It [unus] often has the meaning of same or only. The plural is used in this sense; but also, as a simple numeral, to agree with a plural noun of a singular meaning: as, ūna castra, one camp (cf. §137. b). The plural occurs also in the phrase ūnī et alterī, one party and the other (the ones and the others).


The plural forms are regular -- same as you'd get with magnus. So it would be uni reges (in the nominative).

Thanks for help.

How do you declinate plural uni?
Singular genitive and dative have forms unius and uni.
Is it:
m. pl.
1. uni
2. unorum
3. unis
4. unos
6. unis
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Postby adrianus » Sun Sep 28, 2008 3:39 pm

In this way (it's regular in the plural)...
Declinatur ità (aequale hoc adjectivum cum pluralis numeris est)...
Casus singulis numeri (generis masculini, feminini, neutrius)
Nominativus unus una unum
Vocativus une una unum
Accusativus unum unam unum
Genitivus unius unius unius
Dativus uni uni uni
Ablativus uno una uno
Casus pluralis numeri (generis masculini, feminini, neutrius)
Nominativus uni unae una
Vocativus uni unae una
Accusativus unos unas una
Genitivus unorum unarum unorum
Dativus unis unis unis
Ablativus unis unis unis
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Postby Boban » Sun Sep 28, 2008 10:11 pm

adrianus wrote:In this way (it's regular in the plural)...
Declinatur ità (aequale hoc adjectivum cum pluralis numeris est)...
Casus singulis numeri (generis masculini, feminini, neutrius)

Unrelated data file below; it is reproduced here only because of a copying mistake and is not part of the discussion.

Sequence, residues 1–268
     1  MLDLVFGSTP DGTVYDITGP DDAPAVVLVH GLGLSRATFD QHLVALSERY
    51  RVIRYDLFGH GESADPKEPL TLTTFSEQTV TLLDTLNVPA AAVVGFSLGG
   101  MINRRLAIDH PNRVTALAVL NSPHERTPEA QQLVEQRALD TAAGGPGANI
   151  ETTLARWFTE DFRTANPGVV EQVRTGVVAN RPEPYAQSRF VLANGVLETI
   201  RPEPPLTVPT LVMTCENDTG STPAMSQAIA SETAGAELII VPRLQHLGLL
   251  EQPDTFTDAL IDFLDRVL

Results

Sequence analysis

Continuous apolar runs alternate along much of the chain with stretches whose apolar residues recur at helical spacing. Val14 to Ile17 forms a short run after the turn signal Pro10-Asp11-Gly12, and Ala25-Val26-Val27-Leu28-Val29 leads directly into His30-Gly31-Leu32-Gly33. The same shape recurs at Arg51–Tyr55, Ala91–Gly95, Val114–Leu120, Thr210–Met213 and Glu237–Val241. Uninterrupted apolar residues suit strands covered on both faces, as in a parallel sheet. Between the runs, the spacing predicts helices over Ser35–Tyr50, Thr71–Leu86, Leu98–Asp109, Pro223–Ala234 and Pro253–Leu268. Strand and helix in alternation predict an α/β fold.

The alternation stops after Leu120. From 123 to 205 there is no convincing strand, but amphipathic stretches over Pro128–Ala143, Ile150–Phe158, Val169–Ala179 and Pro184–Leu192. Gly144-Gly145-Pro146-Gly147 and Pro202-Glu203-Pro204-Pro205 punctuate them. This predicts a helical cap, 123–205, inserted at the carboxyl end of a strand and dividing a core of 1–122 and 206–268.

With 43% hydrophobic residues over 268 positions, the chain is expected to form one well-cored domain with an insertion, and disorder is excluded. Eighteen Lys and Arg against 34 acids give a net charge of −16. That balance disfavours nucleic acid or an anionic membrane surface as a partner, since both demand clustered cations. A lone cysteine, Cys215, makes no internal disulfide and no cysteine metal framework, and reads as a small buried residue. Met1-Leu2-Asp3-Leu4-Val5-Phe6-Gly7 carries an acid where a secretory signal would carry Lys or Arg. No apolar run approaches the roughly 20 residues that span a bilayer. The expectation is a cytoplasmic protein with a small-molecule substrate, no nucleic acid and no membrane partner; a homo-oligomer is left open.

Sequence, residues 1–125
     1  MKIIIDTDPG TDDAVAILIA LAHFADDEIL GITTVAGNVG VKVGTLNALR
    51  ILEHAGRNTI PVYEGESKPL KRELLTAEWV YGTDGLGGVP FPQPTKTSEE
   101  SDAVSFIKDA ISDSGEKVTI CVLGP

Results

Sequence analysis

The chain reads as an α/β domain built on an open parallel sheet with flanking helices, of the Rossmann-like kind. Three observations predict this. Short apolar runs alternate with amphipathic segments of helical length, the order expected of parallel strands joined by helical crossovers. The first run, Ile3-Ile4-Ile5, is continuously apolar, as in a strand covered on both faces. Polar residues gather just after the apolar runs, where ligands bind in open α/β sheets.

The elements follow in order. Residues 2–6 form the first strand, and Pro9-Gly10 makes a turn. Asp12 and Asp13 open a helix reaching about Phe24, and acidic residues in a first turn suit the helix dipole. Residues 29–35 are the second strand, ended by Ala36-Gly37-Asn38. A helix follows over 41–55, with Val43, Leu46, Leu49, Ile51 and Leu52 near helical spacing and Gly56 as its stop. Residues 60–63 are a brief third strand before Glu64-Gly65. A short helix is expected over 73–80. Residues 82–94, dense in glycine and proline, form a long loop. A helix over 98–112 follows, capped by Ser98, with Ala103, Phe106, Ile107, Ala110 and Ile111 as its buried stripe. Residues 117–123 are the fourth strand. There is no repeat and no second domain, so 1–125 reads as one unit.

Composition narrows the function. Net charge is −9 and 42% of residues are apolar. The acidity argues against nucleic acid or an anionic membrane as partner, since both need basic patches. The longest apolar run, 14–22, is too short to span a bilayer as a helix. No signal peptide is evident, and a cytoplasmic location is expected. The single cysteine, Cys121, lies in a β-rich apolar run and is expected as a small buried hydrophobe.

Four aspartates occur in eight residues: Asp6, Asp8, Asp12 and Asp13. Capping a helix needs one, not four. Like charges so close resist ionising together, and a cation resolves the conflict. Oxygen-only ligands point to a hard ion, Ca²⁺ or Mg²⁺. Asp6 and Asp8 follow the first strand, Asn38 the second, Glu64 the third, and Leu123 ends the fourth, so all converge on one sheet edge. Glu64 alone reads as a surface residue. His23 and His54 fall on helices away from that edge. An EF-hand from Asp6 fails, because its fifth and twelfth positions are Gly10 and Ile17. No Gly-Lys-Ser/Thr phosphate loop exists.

Nominativus unus una unum
Vocativus une una unum
Accusativus unum unam unum
Genitivus unius unius unius
Dativus uni uni uni
Ablativus uno una uno
Casus pluralis numeri (generis masculini, feminini, neutrius)
Nominativus uni unae una
Vocativus uni unae una
Accusativus unos unas una
Genitivus unorum unarum unorum
Dativus unis unis unis
Ablativus unis unis unis


I thought there isn't vocative form?
In book that I learn from there isn't.
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Postby adrianus » Mon Sep 29, 2008 12:11 am

Boban wrote:I thought there isn't vocative form?
In book that I learn from there isn't.
Nor is it in my books and I've always wondered why not. "Ô numere une! (Oh, number one! What a nice number you are!)" Maybe one does say, "Ô numere unus!". It's not unusual that I should be wrong and could do with correction.
Meis libris etiam deest et semper me rogo quâ ratione? "Ô numere une! Ut bellus numerus es!" Fortassè quidem dicis, "Ô numere unus!" Saepè erro et corrigendus sum.
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Postby Twpsyn » Mon Sep 29, 2008 1:06 am

Lewis and Short says:

voc. une, Plaut. ap. Prisc. p. 673 P.; Cat. 37, 17; cf. Varr. L. L. 8, § 63 Müll.; Aug. Conf. 1, 7


In other words, yes there is a vocative. It is both regularly formed and quite rare, so I am not surprised a basic textbook would omit it.
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Postby Boban » Mon Sep 29, 2008 12:38 pm

Twpsyn wrote:Lewis and Short says:

voc. une, Plaut. ap. Prisc. p. 673 P.; Cat. 37, 17; cf. Varr. L. L. 8, § 63 Müll.; Aug. Conf. 1, 7


In other words, yes there is a vocative. It is both regularly formed and quite rare, so I am not surprised a basic textbook would omit it.

That makes sense. :roll: